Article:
One of the things I hate most about our sensationalist news media is how quick we are to label someone as a failure after they have failed. One of the topics that I focus on with my consulting practice is that being innovative requires failing frequently but that doesn’t equate to being a “Failure.” This is true in the arts as well as in business. Perhaps television audiences don’t tune-in to our new show, theater goers skip our new release movie (see my Lone Ranger post), or customers choose not to buy our new product. Each of these are all very complicated endeavors, each with an infinite amount of variables that we can try to control for. We can layout the most thorough and thoughtful plan but sometimes we will miss the mark – we will fail.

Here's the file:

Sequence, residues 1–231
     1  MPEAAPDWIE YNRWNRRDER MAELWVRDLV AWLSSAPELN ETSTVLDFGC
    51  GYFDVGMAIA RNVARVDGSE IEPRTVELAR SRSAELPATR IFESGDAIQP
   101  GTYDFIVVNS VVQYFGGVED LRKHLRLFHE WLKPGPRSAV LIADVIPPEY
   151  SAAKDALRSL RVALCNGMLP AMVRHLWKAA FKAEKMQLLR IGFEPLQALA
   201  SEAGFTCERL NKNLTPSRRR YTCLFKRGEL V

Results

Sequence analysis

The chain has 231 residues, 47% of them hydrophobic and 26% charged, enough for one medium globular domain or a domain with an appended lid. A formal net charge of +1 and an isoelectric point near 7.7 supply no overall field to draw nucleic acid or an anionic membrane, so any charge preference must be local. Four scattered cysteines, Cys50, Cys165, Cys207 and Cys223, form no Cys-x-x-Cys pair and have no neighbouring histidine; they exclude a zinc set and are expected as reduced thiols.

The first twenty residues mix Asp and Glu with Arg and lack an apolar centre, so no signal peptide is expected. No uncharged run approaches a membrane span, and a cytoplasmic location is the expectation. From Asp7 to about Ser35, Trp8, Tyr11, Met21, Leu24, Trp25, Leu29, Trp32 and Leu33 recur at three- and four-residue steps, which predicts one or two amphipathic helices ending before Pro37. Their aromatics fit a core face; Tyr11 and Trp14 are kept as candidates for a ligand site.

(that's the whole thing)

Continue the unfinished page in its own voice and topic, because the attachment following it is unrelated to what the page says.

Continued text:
In an NY Times Op-Ed article yesterday, neurosurgeon and journalist Sanjay Gupta (@sanjayguptaCNN) cited a recent anonymous survey where orthopedic surgeons said “24 percent of the tests they ordered were medically unnecessary.” The suggestion was that the surgeons were performing the unnecessary tests as a form of “defensive medicine” that is meant less to help the patient than to protect the doctor and hospital from lawsuits. Why has it come to this? How has society come to expect “zero defects” from the medical industry?
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